Midwest Professional Woman's Group Blog

Dress for Success Midwest Professional Women's Group


Posted by Dress for Success Midwest Professional Women's Group on October 6, 2010

1 Make your bedroom sleep-friendly. Not only should your mattress be comfortable and your room dark, quiet and cool, you shouldn’t do anything except sleep or make love in there: No eating, working or watching TV. Light from screens signals your brain to stop producing the sleep hormone melatonin, so it takes longer to nod off.

2 Hide the clock. Or at least turn it away while you’re sleeping. Digital clocks are particularly bad because their precise readouts are constant reminders that the night is ticking away and you’re still awake, says Daniel McNally, M.D., medical director of the University of Connecticut Sleep Disorders Center in Farmington.

3 Spend less time in bed. “Most people spend more time in bed to try to increase their hours of shut-eye,” says Bruce Rybarczyk, Ph.D., associate professor of clinical psychology at Virginia Commonwealth University in Richmond. But lying there awake breeds frustration. Instead, hit the pillow only for the hours that you are actually slumbering. This creates a greater desire for sleep so that when you finally do get in bed, you fall asleep faster and stay that way longer. As your sleep improves, you can gradually roll back your bedtime until you’re sleeping for a full night.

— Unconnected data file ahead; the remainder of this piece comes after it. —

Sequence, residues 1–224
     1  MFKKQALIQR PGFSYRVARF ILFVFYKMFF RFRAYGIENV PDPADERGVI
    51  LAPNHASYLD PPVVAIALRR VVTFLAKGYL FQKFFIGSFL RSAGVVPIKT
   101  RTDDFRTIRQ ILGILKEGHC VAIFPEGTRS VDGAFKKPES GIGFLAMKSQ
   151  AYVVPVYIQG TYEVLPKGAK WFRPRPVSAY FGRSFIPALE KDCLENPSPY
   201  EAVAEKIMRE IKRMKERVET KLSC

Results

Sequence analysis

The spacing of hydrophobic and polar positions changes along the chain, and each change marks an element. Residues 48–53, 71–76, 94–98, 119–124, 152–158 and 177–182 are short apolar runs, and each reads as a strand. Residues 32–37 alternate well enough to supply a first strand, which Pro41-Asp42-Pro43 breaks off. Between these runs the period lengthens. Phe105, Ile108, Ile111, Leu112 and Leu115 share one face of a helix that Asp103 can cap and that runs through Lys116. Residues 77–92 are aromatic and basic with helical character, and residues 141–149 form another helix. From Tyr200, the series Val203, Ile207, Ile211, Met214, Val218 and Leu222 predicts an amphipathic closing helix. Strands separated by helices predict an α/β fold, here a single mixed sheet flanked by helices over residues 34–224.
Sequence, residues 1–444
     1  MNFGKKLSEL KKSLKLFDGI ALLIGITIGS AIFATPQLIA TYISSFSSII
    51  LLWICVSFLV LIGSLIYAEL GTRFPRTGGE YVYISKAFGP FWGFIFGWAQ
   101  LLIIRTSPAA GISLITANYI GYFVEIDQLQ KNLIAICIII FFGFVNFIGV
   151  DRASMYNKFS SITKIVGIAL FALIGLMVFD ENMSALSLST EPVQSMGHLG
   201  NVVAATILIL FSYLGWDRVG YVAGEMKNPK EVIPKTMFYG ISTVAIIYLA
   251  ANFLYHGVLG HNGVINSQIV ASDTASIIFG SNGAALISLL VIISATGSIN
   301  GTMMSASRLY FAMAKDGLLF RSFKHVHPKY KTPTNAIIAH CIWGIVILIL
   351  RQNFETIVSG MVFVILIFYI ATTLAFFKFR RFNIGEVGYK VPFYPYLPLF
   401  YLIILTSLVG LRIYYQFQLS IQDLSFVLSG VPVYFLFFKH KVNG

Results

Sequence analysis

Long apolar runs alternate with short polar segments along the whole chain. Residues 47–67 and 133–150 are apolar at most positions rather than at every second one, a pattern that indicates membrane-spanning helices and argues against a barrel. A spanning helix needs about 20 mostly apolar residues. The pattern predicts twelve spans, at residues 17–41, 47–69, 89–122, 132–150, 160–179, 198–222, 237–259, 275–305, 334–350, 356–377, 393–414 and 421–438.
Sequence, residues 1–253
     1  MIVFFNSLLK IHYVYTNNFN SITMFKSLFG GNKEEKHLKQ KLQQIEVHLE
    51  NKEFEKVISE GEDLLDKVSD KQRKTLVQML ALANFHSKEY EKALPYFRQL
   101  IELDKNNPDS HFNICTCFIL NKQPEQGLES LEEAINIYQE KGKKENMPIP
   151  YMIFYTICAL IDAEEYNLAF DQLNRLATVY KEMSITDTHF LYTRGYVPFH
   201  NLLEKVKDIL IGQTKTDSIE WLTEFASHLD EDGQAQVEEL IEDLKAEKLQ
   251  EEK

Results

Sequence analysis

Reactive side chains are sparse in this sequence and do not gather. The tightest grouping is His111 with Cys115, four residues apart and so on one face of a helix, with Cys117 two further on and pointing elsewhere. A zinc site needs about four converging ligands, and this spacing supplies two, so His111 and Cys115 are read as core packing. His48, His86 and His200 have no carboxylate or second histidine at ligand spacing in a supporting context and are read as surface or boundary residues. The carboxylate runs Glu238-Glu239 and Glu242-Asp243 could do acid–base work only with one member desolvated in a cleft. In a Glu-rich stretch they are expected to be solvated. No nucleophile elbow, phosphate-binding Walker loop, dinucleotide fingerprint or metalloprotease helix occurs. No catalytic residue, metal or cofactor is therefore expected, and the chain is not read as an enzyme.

4 Don’t eat late. Eating at night affects levels of ghrelin, a hormone that regulates hunger and sleep. Ghrelin levels naturally rise in the evening, readying us for bed. But if we nosh at night our ghrelin levels drop so we don’t feel as sleepy. “One of the ways people keep themselves going until 1 A.M. is by eating late at night,” explains Craig Keebler, M.D., medical director of medical Weight Management at Swedish Medical Center in Seattle.

5 Avoid nicotine, caffeine and alcohol. These are notorious sleep-stealers. Nicotine is a stimulant, plus cigarette cravings can wake you up at night. The effects of caffeine can last up to seven hours, so switch to decaf after 3 P.M. Alcohol’s sneakier: It’s sedating, but because it leaves your system quickly, that can wake you up and cause trouble getting back to sleep.

6 Have a bedtime ritual. “You need a half-hour of unwinding time before bed,” says Aparajitha Verma, M.D., medical director of the Methodist Sleep Disorder Center in Houston. “You can’t be doing all these active things, then suddenly switch it off and expect to sleep. You have to prepare yourself. Read, meditate, listen to music, whatever calms you down before getting into bed.”

7 Clear your head. A steady diet of shock media will surely keep you up at night. So if you tend to ruminate on the world’s ills, avoid material that will bother you, advises Ralph Pascualy, M.D., director of Sleep Medicine Associates in Seattle. “As people get tired, problems become much larger.”

One way to deal with worries that keep you up is to write down your concerns along with some possible solutions. Things don’t look so dire when you see them on paper, notes Dr. Pascualy. This simple act allows your brain to let go of your fears so you can get some rest. ________________ Quoted/Excerpted from (or Resource Links): 7 ways to sleep better tonight. Family Circle magazine. December 2008. p134.

Stephen L. Knubley, Principal
Knubley Counseling, LLC

From CCA: Which of these items do you already practice in some form? Which one stands out as a potentially useful and new practice? Remember that it takes about 30 days of daily application of a single new behavior to condition it into a habit. See our handout: MAKING NEW HABITS for more valuable information. Copyright © 2000-2009 Knubley Counseling, LLC. All Rights Reserved. Rev 9-9-09


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